I used Osborne's book for an introductory course on game theory I took as an undergraduate. While Osborne provides a great general overview of game theory, I find this book lacking in a number of respects.
First, theorems are presented in this book inuitively, as opposed to rigorously. Therefore, in place of using proofs to justify a theorem or a given result, many of the theorems are illustrated through words. This method, however, proves to be confusing at many points in the book.
In addition to this, the book is heavily invested in the use of examples to illustrate the numerous applications of particular theorems or results. While I generally applaud the extensive use of examples, this also proves to be very confusing at times since the logical steps Osborne seems to make are not always explicitly stated. This caused me some trouble in trying to solve several problems in the textbook. The one saving grace was that Osborne has posted several (though not all) solutions on his website.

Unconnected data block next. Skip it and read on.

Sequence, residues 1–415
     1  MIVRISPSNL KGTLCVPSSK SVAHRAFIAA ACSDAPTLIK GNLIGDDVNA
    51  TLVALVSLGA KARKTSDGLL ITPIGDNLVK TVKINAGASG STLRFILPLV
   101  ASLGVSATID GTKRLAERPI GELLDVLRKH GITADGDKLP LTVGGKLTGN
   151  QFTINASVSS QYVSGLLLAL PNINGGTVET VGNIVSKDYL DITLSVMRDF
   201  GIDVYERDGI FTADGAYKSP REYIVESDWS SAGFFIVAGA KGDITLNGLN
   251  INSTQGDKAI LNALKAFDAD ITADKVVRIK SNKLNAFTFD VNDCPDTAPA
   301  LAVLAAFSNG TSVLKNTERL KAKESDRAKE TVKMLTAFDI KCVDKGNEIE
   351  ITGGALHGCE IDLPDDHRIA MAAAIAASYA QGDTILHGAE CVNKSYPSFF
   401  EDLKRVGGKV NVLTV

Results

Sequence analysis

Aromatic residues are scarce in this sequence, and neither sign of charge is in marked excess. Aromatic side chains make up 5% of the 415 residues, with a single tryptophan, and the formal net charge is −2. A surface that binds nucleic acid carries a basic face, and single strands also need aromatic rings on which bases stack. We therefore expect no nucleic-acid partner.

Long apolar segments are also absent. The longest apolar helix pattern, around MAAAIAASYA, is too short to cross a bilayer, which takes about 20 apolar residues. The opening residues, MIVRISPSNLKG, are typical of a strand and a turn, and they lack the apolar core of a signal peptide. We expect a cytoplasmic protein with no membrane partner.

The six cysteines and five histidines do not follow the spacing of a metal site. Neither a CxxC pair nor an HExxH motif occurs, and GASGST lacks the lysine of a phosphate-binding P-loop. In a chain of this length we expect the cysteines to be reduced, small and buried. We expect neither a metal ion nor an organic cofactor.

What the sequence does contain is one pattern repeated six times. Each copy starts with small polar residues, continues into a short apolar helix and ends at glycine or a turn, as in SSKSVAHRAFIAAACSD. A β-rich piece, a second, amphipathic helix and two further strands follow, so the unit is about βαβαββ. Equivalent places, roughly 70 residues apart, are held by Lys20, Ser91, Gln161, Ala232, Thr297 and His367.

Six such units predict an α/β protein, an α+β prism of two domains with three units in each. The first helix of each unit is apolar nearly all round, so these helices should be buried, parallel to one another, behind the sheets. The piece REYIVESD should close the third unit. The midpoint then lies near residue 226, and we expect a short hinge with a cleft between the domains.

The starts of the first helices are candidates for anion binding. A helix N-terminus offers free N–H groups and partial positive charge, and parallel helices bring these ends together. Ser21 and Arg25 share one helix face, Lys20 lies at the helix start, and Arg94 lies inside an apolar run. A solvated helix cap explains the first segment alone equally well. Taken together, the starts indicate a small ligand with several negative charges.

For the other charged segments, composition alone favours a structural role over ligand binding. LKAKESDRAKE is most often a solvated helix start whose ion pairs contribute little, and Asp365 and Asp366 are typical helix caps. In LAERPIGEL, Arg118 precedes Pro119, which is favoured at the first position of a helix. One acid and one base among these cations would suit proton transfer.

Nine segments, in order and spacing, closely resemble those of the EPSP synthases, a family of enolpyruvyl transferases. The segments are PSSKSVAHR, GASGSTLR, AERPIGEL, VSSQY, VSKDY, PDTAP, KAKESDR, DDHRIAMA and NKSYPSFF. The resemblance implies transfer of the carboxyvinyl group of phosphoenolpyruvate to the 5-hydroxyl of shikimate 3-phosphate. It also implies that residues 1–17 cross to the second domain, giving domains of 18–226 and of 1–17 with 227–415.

This book does require knowledge of algebra and a little calculus. Some microeconomic theory wouldn't hurt, either--especially for the sections on Stackelburg and Cournot duopolies. Becuase most economics programs in the US stress mathematics, I would recommend an alternative textbook that is more rigorous. Principally, I used Roger Myerson's "Game Theory: Analysis of Conflict" to supplement the shortcomings of this book. Myerson's book is thoroughly rigorous and is, I believe, used as a graduate textbook for game theory in many departments. If, however, you are interested in a general overview of the field or do not feel comfortable with technical mathematics, I would definately recommend this book.